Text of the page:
The Latest: Missouri Democratic lawmakers slam abortion bill

FILE - In this Jan. 16, 2019, file photo, Missouri Gov. Mike Parson delivers his State of the State address in Jefferson City, Mo. Parson on Wednesday, May 15, called on state senators to take action on a bill to ban abortions at eight weeks of pregnThe Associated Press
FILE - In this Jan. 16, 2019, file photo, Missouri Gov. Mike Parson delivers his State of the State address in Jefferson City, Mo. Parson on Wednesday, May 15, called on state senators to take action on a bill to ban abortions at eight weeks of pregnancy, the latest GOP-dominated state emboldened by the possibility that a more conservative Supreme Court could overturn its landmark ruling legalizing the procedure. (AP Photo/Charlie Riedel, File)

The Latest on Missouri's proposed ban on abortions at eight weeks of pregnancy (all times local):

8:35 p.m.

Missouri Democratic lawmakers are slamming a bill to ban abortions at eight weeks of pregnancy.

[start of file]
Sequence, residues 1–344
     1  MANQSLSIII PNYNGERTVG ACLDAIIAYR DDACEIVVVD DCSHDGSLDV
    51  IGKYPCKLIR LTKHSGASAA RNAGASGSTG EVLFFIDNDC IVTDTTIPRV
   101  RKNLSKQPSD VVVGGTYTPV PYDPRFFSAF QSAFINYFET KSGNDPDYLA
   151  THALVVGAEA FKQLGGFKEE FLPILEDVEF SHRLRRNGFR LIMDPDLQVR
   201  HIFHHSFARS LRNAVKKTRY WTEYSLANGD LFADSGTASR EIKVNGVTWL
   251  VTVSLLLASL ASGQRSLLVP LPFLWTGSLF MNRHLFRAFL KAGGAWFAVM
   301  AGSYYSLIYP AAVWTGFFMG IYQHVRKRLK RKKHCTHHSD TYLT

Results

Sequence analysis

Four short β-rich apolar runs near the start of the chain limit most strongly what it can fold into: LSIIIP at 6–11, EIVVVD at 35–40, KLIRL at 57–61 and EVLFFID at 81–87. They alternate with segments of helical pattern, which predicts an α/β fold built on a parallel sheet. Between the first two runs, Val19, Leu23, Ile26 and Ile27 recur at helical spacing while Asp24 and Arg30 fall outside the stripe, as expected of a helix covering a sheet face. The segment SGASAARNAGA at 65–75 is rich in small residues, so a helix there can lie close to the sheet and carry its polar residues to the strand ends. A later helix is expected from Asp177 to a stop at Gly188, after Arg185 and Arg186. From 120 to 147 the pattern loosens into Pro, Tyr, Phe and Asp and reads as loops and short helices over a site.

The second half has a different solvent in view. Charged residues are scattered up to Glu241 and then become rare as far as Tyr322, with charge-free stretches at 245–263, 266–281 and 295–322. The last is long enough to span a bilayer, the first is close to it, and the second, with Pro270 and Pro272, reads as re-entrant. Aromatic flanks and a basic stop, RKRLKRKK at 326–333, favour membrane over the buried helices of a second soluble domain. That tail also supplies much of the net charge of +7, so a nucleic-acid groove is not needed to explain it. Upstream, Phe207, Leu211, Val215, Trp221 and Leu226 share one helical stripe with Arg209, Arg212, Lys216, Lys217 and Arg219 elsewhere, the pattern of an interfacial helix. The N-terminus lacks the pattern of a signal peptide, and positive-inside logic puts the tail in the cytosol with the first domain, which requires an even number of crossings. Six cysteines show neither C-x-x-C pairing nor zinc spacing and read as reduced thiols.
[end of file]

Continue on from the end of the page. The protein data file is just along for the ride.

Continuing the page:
House Minority Leader Crystal Quade says there's no liberty in Missouri when government strips women of control of their own bodies. She says it's "shameful" and "scary" that there are no exceptions for rape or incest, only for medical emergencies.

Senate Democratic Minority Leader Gina Walsh called the bill unconstitutional, although Republican supporters say it was drafted to withstand court challenges.

Democratic Sen. Jill Schupp says she believes the measure goes against the U.S. Supreme Court's landmark Roe v. Wade decision legalizing abortion. But she says she expects parts of the wide-ranging bill to be upheld.

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6:20 p.m.